Here's a tip when it comes to bass extension. Most systems as a whole should be able to go down to 50 Hz no matter how small the woofer is (within reason). If your not getting a good strong 50 that is tight out of your system I guarantee you have blockage somewhere in your setup or you have a node that is throwing your lower frequencies out of phase.

Finding frequency freedom can be one of the most fun listening experiences you can have!

_________________
michael green
PH 702 762 3245
Email mgtune@yahoo.com
Back to top Go down
http://tuneland.techno-zone.net
Michael Green
Admin
avatar

Posts : 3384
Join date : 2009-09-12
Location : Vegas/Ohio/The Beach

PostSubject: Re: Outside The Box   Mon Apr 05, 2010 6:19 pm

In the TuneLand archives

you will see us talk about chassis. I personally have removed hundreds of equipment chassis in my system and other's. Every time I do this the system opens up dramatically. The system becomes a brand new animal when you start to apply space to it. Many in the industry spend tons of time and money closing in the sound. For me I like the opposite. By freeing up your parts to breath and vibrate you are allowing them to develop their natural harmonics which all moving parts containing mass need to perform at their maximum output. This is why you hear your volume go up when you open up your system.

Your electronics come to you in a chassis for a reason, shipping and electrical shock. A few companies use the chassis to dissipate heat but even with these if you remove the chassis and add sinks you will gain in performance. Discounting this 1% of product the rest of the electronic world was designed minus the chassis then added it before shipping.

If you compare a stripped down piece of equipment against one that is stock you will be shocked by the difference in performance. This will also start you on a new path of tweaking your system that will allow you to go further than you thought possible with your setup.

_________________
michael green
PH 702 762 3245
Email mgtune@yahoo.com
Back to top Go down
http://tuneland.techno-zone.net
Michael Green
Admin
avatar

Posts : 3384
Join date : 2009-09-12
Location : Vegas/Ohio/The Beach

PostSubject: Re: Outside The Box   Thu Sep 08, 2011 8:54 pm

Thought this was pretty cool and should be looked at as something "outside the box".

Sonic's shielding adventures.


"Hi Michael and Zonees

I am amazed how effective the copper tape/MW pieces are. Sonic was looking for spots (i/c chips) to shield and here was one where as my finger came within 1/10 inch of the top of the chip I heard a "buzzzmmmm" through my speakers. No sound when I was away then as I got close to touching it...."buzzzmmmm". How long has this been going on? This must have been messing up my sound.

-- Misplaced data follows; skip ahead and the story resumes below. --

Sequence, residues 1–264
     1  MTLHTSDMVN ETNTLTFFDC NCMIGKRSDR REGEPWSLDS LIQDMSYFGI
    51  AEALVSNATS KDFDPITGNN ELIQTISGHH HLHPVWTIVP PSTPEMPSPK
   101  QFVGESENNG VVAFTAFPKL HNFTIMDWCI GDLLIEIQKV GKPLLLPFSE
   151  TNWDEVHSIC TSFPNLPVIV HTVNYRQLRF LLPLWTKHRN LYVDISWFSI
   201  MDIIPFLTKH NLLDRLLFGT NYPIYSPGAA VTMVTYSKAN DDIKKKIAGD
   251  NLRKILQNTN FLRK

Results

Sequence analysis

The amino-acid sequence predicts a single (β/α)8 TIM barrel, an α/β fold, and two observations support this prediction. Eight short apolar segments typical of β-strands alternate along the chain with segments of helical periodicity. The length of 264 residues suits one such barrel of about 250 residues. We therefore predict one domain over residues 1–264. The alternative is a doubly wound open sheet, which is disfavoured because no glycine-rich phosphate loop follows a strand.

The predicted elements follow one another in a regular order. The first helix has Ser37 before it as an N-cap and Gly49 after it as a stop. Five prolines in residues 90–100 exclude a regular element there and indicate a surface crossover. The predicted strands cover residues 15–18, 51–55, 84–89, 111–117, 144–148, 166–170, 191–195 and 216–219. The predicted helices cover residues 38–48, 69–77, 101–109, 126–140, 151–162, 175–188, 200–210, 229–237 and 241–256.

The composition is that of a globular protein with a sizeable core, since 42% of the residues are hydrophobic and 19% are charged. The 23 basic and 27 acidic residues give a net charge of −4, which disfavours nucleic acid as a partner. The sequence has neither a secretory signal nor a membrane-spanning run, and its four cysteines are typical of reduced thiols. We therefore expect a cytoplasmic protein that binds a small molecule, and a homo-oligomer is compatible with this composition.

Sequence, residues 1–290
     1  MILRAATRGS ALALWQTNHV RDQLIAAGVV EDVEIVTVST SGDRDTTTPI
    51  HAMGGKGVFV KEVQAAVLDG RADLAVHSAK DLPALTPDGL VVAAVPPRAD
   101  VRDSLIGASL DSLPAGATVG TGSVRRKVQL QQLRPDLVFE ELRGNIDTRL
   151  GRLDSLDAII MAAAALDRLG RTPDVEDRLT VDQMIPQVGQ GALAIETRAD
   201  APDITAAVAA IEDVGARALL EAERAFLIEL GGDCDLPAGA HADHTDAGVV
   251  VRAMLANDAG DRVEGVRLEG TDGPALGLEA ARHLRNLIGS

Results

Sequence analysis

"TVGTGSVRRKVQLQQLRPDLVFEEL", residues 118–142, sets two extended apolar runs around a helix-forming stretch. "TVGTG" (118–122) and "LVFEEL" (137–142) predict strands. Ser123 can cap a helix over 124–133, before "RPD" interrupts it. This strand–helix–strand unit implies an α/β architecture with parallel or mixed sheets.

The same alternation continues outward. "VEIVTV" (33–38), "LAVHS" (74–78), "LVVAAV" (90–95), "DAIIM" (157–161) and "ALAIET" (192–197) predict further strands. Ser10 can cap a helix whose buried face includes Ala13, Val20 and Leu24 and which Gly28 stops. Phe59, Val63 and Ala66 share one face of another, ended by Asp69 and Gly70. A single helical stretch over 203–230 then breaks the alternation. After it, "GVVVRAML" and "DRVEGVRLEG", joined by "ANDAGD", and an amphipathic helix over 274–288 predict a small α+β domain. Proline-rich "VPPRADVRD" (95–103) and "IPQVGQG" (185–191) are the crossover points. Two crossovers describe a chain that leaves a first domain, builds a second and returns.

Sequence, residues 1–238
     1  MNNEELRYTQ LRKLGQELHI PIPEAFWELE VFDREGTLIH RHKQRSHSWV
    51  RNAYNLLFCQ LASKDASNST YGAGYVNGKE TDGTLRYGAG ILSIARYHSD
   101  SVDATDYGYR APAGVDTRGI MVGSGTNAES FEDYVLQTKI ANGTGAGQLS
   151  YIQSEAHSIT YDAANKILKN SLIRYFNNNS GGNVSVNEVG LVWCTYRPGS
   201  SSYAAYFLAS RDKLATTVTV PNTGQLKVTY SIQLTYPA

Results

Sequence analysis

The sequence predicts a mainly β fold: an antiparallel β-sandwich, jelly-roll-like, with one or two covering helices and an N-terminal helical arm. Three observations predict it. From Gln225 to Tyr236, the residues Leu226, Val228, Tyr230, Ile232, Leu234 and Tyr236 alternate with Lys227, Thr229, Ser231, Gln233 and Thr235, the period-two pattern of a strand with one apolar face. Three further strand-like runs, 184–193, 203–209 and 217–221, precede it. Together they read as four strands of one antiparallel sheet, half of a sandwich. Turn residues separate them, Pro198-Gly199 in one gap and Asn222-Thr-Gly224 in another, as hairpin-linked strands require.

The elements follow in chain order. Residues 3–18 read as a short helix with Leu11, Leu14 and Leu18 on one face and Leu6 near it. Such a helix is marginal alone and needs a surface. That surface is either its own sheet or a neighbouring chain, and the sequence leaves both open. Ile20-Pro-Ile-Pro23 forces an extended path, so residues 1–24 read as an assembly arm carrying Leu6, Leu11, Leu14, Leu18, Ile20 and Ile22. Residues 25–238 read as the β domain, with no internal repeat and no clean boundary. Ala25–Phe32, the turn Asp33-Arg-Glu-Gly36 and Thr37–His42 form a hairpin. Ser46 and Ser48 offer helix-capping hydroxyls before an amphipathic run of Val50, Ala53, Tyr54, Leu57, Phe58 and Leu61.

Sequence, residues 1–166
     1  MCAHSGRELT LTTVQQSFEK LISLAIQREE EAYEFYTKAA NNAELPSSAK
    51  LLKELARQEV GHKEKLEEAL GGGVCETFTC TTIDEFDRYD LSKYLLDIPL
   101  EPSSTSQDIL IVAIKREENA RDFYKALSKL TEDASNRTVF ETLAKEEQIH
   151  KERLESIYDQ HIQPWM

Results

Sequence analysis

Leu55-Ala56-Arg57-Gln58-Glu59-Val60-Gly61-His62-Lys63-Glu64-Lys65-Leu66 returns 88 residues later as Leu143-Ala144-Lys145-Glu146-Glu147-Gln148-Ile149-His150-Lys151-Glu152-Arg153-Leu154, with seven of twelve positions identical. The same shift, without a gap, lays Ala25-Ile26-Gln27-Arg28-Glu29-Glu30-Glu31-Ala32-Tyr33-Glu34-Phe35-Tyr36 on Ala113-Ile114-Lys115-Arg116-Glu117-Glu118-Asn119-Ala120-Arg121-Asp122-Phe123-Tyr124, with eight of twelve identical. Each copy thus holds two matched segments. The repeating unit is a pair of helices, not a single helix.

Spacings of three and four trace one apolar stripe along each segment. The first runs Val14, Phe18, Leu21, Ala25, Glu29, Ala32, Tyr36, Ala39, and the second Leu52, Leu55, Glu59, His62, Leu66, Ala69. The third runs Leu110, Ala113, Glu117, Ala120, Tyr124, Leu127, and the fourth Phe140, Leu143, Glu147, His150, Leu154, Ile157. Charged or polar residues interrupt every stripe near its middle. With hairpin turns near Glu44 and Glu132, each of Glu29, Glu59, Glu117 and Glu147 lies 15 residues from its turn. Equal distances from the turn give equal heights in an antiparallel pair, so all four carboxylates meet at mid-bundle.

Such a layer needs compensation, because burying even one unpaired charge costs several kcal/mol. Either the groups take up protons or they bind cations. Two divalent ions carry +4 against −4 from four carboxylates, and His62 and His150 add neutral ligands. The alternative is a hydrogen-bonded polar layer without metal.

So powered down the device and placed a 1" x 0.25" x 0.25" finished MW with copper on top. Powered up and reached towards the i/c slowly....and this time silence! Shocked

Touched the shield... silence Shocked

Where was the chip? In the X-30 volume control section.

The sound of the whole system has gone cleaner with the shields in place. So quiet and new musical details unmasked. Slightly less volume for a given control setting but it really opens up and fills the room and beyond when turned up a step more.

The system with the shielded V-DAC has improved to the point that it is un arguably better than digital-analog conversion using the onboard DAC of the CD player.

Sonic thinks Michael has a product here -- finished MW squares of various sizes with copper tape plus some form of earth drain.

Here is a pix of my V-DAC. See the where the chips are shielded. I am trying out a couple of more spots but doing it carefully because the copper could short something out if I am not careful.









This brings me to an observation: removing top covers, taking circuit boards out of cases may be good for vibrations to bring out the musick but could cause a lot of RFI an EMI problems which why some get mixed results from doing this. RFI and EMI are orrible things and vary with the equipment's environment and proximity to anything and everything near it. The affected gear could be a generator or RFI or affected by RFI or both in different parts of the circuit. So this alone means there is no single solution for the tune application.

Michael, do you agree and want to add something?

Sonic also found that finished MW is better sounding than unfinished MW. The unfinished wood is a bit dead (damped) by comparison and I found cherry to be the nicest sounding finish in my system. The gunmetal grey wood sounds odd...a bit sour and slow.

sonic"


_________________
michael green
PH 702 762 3245
Email mgtune@yahoo.com
Back to top Go down
http://tuneland.techno-zone.net
 
Outside The Box
View previous topic View next topic Back to top 
Page 1 of 1

Permissions in this forum:You cannot reply to topics in this forum
Michael Green Audio Forum :: Tuning and basic RoomTune setups-
Jump to: